Mercy’s first husband Jacob Luffkin was born about 1663. Jacob died in 1702 in Wells, York, Maine Mercy’s second husband Richard Stimson was born 10 Mar 1678 in Ipswich, Essex, Mass. His parents were George Stimson and Alice Phillips. Richard died in Wells, Maine.
8. Eliab Littlefield
Eliab’s wife Rachel Sibley was born 20 Aug 1675 in Manchester, Essex, Mass. Her parents were John Sibley and Rachel Pickworth. Rachel died in Dec 1718 in Wells, York, Maine.
Eliab’s second wife Lydia Storer
Eliab settled in Manchester, Massachusetts, probably on account of the Indian wars. He inherited much property at Wells. He deeded, November 6, 1712, land grant of two hundred acres for building a mill at the falls and the remains of the mill which had been burned to John Cousins. Jonathan Hammon, Samuel Wheelwright and John Bullard were his partners in the mill grant and ownership. He sold land at Wells to Zachariah Goodale, of Wells, June 15, 1715; also land formerly owned by John Wells (his father) to George Jacobs, of York, January 18, 1715-16; also the land on the northeast side of Cape Porpoise known as Barrot’s farm on Millers creek, December 26, 1715, to Thomas Perkins of Topsfield, Massachusetts; also land formerly owned by Henry Scratts, to whom it was granted March 28, 1699, to Willaim Sayer, of Wells, January 19, 1715. Administration granted son-in-law Joseph Leach, of Manchester, April 16, 1717, and the estate was divided December, 1718.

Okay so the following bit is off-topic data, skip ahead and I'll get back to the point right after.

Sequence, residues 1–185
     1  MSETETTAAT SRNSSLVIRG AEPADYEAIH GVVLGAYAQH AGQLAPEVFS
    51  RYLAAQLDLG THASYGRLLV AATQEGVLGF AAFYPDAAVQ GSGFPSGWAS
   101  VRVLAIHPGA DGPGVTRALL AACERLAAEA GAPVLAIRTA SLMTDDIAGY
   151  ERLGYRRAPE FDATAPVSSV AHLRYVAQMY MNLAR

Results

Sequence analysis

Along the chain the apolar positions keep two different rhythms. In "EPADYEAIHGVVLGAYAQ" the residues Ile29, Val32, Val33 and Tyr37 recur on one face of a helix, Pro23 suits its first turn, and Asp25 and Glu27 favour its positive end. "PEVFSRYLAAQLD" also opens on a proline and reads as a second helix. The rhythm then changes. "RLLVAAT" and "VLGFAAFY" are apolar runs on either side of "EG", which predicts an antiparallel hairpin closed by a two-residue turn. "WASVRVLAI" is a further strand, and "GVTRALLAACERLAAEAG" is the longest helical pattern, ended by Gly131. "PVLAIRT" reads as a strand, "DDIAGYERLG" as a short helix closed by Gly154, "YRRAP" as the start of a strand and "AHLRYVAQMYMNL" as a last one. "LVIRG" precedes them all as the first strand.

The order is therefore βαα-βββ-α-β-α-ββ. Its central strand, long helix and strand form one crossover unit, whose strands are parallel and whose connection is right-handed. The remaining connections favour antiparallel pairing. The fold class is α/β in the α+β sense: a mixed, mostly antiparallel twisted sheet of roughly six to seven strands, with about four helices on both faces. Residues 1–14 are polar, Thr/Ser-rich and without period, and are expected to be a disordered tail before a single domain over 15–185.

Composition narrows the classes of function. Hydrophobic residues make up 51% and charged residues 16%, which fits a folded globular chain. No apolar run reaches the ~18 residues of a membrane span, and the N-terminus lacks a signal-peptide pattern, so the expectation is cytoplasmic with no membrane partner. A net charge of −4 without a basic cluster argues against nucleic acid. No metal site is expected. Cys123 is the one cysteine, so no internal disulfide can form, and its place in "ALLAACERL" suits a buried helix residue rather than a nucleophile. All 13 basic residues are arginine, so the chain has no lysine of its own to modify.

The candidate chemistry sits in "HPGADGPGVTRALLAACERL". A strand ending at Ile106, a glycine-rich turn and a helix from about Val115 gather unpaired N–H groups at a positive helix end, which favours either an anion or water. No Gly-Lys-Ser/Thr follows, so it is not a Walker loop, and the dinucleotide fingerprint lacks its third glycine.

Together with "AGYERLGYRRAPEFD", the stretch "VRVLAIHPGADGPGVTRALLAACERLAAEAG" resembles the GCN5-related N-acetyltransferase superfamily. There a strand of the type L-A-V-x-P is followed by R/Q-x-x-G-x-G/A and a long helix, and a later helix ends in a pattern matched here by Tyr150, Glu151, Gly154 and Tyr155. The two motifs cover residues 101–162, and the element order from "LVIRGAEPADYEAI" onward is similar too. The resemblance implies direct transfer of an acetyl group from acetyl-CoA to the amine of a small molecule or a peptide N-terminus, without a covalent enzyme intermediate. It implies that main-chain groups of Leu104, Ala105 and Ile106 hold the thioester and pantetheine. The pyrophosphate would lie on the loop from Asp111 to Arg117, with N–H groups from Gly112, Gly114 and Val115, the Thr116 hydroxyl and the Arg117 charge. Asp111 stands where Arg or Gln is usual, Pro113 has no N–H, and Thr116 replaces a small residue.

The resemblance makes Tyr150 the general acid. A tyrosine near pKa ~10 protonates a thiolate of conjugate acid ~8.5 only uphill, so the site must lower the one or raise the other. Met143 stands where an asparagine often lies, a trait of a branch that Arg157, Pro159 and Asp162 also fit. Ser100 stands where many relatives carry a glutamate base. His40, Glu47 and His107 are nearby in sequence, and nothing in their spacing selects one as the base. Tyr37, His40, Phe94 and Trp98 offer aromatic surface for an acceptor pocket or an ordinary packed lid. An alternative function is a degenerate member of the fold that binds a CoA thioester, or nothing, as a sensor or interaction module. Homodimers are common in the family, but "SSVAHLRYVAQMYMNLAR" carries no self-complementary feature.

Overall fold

Children, the first five of whom were born at Wells: 1. Eliab, born October 23, 1697, mentioned below. 2. Patience, August 17, 1699, married Joseph Leach. 3. Rachel, January 31, 1700-01, died at Wells, January 3, 1701-02. 4. Deborah, April 25, 1702. 5. Rachel, January 19, 1704-05. 6. Eliza. 7. Abigail. 8. Sibyl. 9. Lovey. The last four shared in the partition of the father’s estate.
9. Patience Littlefield
Patience’s husband James Webber was born 1665 in Wells, York, Maine. His parents were Thomas WEBBER and Mary PARKER. James died 19 Mar 1729 in Medford, Middlesex, Mass.